This article is by Autumn M. Birt.
Have you read a classic novel recently?
Or maybe have a child/nephew/cousin reading one of the touted best of the best in school? Something like Moby Dick or Ivanhoe, maybe even Pride and Prejudice or Wuthering Heights.
If so, have you heard them complain about being bogged down in description?
Standard writing has changed.
It’s true. Gone are the days of passages filled with the acute detail of what a whaling ship looked like. Why? Well you can probably visualize one from the most recent movie of Moby Dick or develop the idea from a different nautical movie. And if you didn’t know what a bowsprit is, you could always just Google it.
We are in an information age – one with a short attention span for unneeded detail. Many genres have trimmed down their descriptions, accenting action packed text and dialogue with brief descriptive phrases to set a room or personal clothing style. If you’ve picked up a modern day thriller, you’ve most likely read bare-bones description.
Minimal description is the method of the day for many genres. But not all.
Epic fantasy and science fiction still rely on descriptions. Why? Well how do you describe a new world or a space station without the details?
I love that epic fantasy still uses description. Setting the mood with towering cliffs capped by the sun rising over a new land excites me to write and read. But I know I can’t go crazy with it. A page of description and no action isn’t going to go over well, no matter how curiously unique the place.
So a fantasy writer can’t go overboard illustrating a scene be it the moment before a battle or the discovery of a new land. Capturing everything in a paragraph or two and maybe a few comments between dialogue or action is ideal. And hard.
Don’t you wish there was shorthand for description?
Well there is, sort of. I mentioned it before on my post about building on framework of fantasy language, which was based on this great post here at Mythic Scribes. Some words conjure up fairly universal images: dark forest, abandoned castle, stormy sea, dragon. As much as you don’t want to rely on cliches to create a story, you can use well placed fantasy language to quickly build a background setting to tweak with new detail.
Because making the world yours is the key.
Maybe it is a dark forest with lance like thorns piercing the scant light. Or the forest is ethereal with leaves lost to sunlit heights. Both images are of woodlands but rely on some quick preconceived ideas to give a feel of different settings in only a sentence. What can you come up with?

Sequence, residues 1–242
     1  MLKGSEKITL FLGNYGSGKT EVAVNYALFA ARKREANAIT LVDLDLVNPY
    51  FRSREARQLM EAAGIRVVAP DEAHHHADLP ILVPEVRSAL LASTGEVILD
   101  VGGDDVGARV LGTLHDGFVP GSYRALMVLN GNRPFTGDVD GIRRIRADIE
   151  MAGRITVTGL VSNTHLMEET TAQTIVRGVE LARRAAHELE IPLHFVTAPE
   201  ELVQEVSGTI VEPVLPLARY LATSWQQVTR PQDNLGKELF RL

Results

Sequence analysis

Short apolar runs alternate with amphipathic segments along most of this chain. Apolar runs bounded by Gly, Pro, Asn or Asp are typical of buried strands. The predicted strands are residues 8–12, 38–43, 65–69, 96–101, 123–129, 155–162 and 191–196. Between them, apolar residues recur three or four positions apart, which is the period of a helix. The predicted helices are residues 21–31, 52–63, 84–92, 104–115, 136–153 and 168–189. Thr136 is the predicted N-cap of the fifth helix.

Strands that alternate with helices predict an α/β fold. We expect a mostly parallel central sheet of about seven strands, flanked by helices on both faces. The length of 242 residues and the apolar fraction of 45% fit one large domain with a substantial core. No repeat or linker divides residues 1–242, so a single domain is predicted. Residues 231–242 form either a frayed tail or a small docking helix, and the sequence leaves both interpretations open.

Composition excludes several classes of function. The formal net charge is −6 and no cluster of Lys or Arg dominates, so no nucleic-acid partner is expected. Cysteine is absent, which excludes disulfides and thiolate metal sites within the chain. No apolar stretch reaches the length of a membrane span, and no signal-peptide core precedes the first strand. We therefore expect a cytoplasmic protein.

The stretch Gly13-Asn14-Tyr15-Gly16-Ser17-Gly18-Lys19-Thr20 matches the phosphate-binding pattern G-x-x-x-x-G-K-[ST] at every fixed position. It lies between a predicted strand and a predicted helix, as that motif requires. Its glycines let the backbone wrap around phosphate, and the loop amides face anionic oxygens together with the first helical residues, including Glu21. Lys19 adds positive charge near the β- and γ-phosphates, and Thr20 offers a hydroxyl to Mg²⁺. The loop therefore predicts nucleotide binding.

Paint with the words you leave unsaid
One of my favorite writing tips – one that I have pasted to my wall by my writing desk – is to “paint with the words you leave unsaid.” This may seem counterintuitive to what I wrote above. But it really goes along with the idea of minimizing description to just those key phrases needed to reveal your unique world. Somewhere you need to allow the reader space to create the world you are writing in their minds without overwhelming them with details – or giving so little they are lost in a fog.
Keep efficient description that hits the essence of what you want to convey as you write and edit. If it takes pages to capture all the details in your mind while writing, that is okay. During edits you can reduce or move details. The first goal is to create an amazing world and the second is to write about it. But the third has got to be not to lose your reader.
No information dumps please
I hear that phrase most often referring to backstory, but it goes for description too. Anything more than two paragraphs of description with no action or dialogue is scraping the upper limit of the tolerance for many readers.
What do you do if you have a really heavily descriptive scene?
It happens. Sometimes the cobwebby dark builds frustration and tension, but two paragraphs of pitch black corridors that go on and on and on would leave me begging for a match – possibly not for the character. So add action: characters flailing blindly, or walking into a wall to discover it is stone. Or covered in spiders. One can trip or take out a sword to feel their way ahead with the point. Think of what the actions of the characters would be based on the description you want to use. Are they fording rivers, stuck in mud from days of rain, or shivering as a cold night descends?
You can also let the character describe the scene. This works great with deep POV. A character will take note of the most important details, the ones that matter to them and the story while leaving out the bits that are extra. And they might comment on what they see to another character too, such as a commander viewing the ranks of enemy soldiers outside the city walls. Which leads to orders to reorganize defenses (action!).
The commander can describe what she needs done based on what she sees and the blanks in the reader’s mind fill in the remainder. Because, after all, most people can visualize soldiers and walls. What is needed is the landscape, number of soldiers, equipment, and perhaps time of day. And that can come across in something as simple as, “Lord Stanley moved archers into the southern wood at dawn, ma’am.”
Using these techniques the description can be woven through the scene with dialogue, character observation, and character action without inflicting a break in the flow of the story.
How much description do you like to read?
If you write, what are your tips for deciding what is needed to keep the story moving versus unnecessary (but lovely!) detail?
What are other methods to keep a story moving and set a scene without bogging down in too much description?
About the Author:
Autumn M. Birt is a fantasy and near future dystopian writer. You can learn more about her and her books at her website www.AutumnWriting.com. Her most recent book After the War is available on Amazon here.